Somebody Put Libra Out Of Its Misery Already

Somebody Put Libra Out Of Its Misery Already

The slow march to death for

released a statement in response to the G7 report.

In it, the group tackles the G7’s concerns point by point, vowing to work with regulators to address concerns. Because you know, it has to play nice if it wants a shot at ever existing.

“In recognition of the importance of the stability of the global financial system and national sovereignty over monetary policy, Libra is being designed to work with existing regulatory institutions and apply the protections they provide to the digital world”not disrupt or undermine them,” the statement reads.

While the G7 report isn’t the final nail in Libra’s coffin, it is a telling sign that global regulators aren’t sold on Facebook’s vision either. That’s already had consequences.

When Libra launched back in June, it had 27 companies in its corner, including well-known payments institutions like Visa and Mastercard. But straight out of the gate, the cryptocurrency was met with opposition from the U.S. House Committee on Financial Services and the Senate Banking Committee.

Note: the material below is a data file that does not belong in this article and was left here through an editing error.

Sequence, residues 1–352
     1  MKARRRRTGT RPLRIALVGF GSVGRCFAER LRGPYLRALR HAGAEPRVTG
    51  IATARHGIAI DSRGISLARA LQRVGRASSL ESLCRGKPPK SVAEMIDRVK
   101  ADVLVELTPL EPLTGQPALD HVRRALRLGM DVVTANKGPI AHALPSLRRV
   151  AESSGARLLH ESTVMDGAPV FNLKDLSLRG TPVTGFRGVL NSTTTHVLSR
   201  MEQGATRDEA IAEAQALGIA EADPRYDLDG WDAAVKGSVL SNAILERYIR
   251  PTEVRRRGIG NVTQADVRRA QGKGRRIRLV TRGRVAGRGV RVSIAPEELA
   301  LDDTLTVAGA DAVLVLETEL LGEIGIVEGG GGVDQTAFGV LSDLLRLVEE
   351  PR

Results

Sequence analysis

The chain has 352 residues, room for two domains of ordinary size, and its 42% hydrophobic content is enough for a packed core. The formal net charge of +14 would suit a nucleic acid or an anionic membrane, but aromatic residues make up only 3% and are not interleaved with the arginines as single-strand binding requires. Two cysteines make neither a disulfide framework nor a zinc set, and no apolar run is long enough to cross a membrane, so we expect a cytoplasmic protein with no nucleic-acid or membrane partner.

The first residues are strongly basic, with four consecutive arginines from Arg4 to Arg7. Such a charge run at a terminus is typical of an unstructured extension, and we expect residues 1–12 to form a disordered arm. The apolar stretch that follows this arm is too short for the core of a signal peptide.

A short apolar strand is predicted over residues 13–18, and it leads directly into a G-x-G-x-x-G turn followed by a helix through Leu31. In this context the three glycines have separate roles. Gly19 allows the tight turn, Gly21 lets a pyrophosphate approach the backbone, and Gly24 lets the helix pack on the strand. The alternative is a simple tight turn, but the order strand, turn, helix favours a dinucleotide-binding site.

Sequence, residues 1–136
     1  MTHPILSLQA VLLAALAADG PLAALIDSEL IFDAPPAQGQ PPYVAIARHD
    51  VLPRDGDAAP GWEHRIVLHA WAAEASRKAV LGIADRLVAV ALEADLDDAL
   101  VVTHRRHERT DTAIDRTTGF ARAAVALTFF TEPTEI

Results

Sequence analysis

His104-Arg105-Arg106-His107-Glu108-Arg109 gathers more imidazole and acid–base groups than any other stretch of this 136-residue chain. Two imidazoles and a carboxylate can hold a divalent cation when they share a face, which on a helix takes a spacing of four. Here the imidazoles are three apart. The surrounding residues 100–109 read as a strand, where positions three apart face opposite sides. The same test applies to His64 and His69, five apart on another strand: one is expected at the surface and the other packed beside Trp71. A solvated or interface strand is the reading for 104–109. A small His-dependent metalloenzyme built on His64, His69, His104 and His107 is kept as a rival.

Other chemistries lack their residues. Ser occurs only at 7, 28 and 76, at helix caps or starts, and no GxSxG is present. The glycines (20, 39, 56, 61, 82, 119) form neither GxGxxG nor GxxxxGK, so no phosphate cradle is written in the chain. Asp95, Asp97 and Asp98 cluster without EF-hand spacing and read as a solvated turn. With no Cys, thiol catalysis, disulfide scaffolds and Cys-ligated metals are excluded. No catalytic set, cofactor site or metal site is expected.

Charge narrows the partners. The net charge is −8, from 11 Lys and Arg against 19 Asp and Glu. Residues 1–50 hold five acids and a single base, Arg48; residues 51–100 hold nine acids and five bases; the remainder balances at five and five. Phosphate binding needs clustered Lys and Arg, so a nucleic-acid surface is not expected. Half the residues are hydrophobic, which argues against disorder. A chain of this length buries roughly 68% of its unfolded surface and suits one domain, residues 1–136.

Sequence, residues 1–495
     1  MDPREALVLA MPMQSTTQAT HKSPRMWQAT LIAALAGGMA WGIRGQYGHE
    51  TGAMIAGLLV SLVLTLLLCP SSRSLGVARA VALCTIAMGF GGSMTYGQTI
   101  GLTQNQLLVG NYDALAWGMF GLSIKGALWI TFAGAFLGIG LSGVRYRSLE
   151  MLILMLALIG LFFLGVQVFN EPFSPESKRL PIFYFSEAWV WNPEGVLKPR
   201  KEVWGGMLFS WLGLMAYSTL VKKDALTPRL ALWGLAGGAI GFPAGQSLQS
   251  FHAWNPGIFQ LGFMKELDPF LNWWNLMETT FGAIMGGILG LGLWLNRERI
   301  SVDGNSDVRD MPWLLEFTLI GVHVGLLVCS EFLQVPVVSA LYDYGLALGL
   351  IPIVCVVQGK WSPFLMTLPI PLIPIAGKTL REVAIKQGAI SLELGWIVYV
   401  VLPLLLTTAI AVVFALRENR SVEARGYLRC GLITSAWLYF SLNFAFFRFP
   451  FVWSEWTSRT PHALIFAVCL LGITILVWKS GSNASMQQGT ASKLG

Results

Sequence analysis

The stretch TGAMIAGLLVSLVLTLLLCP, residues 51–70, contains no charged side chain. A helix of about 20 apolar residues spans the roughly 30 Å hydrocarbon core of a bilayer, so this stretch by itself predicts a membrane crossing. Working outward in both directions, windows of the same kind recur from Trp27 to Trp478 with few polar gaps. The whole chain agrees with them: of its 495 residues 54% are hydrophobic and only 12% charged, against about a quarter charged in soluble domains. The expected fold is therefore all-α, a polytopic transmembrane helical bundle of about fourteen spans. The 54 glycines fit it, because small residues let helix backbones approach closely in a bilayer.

That in turn led to rumours that Libra partners were getting cold feet by late August, with PayPal officially calling it quits in early October.

A few days later, eBay, Stripe, Visa, and Mastercard also jumped ship. Adding salt to the wound, Calibra, the subsidiary running the cryptocurrency is facing a lawsuit alleging its logo was ripped off from Current, a mobile banking app.

Facebook CEO Mark Zuckerberg is scheduled to testify before the House Financial Services Committee on October 23. He’ll likely need to address the many concerns brought up by the G7, as well as the fact that major backers meant to lend Libra credibility have since distanced themselves from the project.

Given how Zuckerberg’s recent attempts at talking like a human have gone, maybe he’ll be the one to inadvertently put Libra out of its misery.